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Legislative Assembly for the ACT: 2003 Week 1 Hansard (19 February) . . Page.. 252 ..

MRS DUNNE (continuing):

No matter how we talk about this matter, we must come to the conclusion that after we join the campaign we cannot come out against our own government. That would only give succour to Saddam Hussein. It is important that we not do that. I am talking about joining a campaign which is large enough and coordinated well enough internationally that, if it continues as it has over the last weekend, would give aid and comfort to Saddam Hussein, by sending a message that a large number of voters in the West lack the will to use force, thus increasing the risk that Saddam Hussein will not back down and force will have to be used in the end.

I am saying to members that they should think carefully. Inform their consciences, but make sure that when they speak, they speak judiciously and they speak not only for their own warm and fuzzy feelings at the moment, but also for the good of our country and our soldiers to ensure that the best possible outcome is attained.

MS DUNDAS (10.17): I will start by responding to a few points that have been made throughout this debate. Mr Pratt, in his speech, talked about this motion and the rallies over the weekend and, over the past couple of weeks, of providing another chance for Saddam Hussein. I would like to run a counter-argument to that. It provides a chance for people not to be bombed. At the core of my argument is that the dropping of weapons of mass destruction, in an attempt to show people that we do not want them to use weapons of mass destruction is absurd. Mrs Dunne has spoken in depth about this being an issue of conscience, saying that we must consider it carefully-and I welcome her words.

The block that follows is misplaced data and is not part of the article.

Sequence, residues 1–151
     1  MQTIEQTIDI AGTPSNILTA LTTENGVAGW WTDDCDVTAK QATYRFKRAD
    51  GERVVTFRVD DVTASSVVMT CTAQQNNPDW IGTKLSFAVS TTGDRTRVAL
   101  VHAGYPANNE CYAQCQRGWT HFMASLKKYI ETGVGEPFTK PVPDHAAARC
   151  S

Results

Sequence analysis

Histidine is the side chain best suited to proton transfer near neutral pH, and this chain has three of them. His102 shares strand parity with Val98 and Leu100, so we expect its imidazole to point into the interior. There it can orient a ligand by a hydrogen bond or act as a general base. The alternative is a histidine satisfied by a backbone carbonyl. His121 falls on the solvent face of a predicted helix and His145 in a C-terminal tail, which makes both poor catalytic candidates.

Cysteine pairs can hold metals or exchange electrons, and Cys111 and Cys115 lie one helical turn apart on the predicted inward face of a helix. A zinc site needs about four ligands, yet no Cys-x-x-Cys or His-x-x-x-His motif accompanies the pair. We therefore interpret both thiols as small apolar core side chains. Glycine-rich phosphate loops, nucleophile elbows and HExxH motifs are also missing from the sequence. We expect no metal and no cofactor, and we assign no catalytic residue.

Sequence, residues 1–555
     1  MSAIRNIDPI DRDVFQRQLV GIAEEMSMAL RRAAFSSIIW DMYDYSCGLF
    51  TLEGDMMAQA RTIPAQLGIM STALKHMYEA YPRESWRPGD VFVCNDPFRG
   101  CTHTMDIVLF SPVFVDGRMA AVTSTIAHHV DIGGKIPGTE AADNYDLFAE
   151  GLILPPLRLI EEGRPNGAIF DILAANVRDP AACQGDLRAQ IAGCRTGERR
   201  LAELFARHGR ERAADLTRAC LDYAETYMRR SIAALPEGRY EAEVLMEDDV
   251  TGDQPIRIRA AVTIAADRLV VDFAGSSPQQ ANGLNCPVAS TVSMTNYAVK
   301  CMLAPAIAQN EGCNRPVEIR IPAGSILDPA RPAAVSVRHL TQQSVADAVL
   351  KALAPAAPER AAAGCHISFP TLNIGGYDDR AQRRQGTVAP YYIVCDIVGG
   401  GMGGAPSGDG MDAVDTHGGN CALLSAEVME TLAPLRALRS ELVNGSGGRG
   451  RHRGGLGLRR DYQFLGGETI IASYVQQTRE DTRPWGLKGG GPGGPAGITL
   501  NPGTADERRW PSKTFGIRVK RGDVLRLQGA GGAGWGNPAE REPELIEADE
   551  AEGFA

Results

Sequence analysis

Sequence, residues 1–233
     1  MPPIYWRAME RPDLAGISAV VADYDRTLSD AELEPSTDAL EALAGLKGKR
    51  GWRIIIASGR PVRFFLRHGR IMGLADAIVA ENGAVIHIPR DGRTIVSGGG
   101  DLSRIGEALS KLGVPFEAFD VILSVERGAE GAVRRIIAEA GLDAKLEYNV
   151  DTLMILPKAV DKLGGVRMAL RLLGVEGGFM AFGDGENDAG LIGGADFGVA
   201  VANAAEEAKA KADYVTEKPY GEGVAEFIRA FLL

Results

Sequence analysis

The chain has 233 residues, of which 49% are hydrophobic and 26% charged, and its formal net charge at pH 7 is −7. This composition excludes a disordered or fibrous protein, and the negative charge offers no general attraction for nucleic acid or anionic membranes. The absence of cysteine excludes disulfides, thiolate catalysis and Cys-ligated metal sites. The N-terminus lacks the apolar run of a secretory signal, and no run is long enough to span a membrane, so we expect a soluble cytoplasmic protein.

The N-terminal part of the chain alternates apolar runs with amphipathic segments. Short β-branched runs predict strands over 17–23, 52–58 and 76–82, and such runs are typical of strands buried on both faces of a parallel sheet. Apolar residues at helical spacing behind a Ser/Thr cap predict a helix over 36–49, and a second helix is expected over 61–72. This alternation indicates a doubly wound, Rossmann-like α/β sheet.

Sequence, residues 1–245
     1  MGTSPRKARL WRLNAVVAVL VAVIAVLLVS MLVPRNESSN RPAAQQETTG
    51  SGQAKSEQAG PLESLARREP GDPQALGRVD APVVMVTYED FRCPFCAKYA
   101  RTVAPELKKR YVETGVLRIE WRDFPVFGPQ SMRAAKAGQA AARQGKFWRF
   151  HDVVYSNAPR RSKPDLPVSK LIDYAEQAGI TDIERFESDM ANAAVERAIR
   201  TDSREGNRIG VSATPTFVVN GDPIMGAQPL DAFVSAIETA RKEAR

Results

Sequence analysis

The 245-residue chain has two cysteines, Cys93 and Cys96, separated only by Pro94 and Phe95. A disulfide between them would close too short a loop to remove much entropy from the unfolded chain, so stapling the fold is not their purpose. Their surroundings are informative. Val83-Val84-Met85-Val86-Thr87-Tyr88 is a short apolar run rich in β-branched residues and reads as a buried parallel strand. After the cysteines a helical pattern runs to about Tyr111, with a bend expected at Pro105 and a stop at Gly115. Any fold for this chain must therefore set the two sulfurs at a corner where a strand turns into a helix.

Some members of this Assembly believe this debate would be best undertaken in the Australian federal parliament, but I understand the Prime Minister has already ruled that out. I put the question whether, if this debate about the commitment of Australian troops were to happen in the Australian federal parliament, the Prime Minister would let this opposition's Liberal colleagues vote on this issue as a matter of conscience.

It is a very concerning time we are living in-we are looking at a world in turmoil. I cannot see, in any way, that a pre-emptive first strike is the answer. People poured into the streets over the weekend. There were people in front of Parliament House, and women who, every Friday-and I have joined them a number of times-dress in black and observe a silent vigil in Civic. These people do not understand how the backing of George Bush and the invasion of Iraq will make this world a better place.

There are other options before us. We talk about United Nations resolutions and whether they are being followed, and whether we need a second UN resolution to resolve the legality of committing troops to Iraq. There are also UN resolutions about women's involvement in the peacemaking process. I ask the US government why they are ignoring this UN resolution. I ask people involved in the United Nations why one UN resolution is more important than any other. Why are we not seriously considering different ways to bring about peace?

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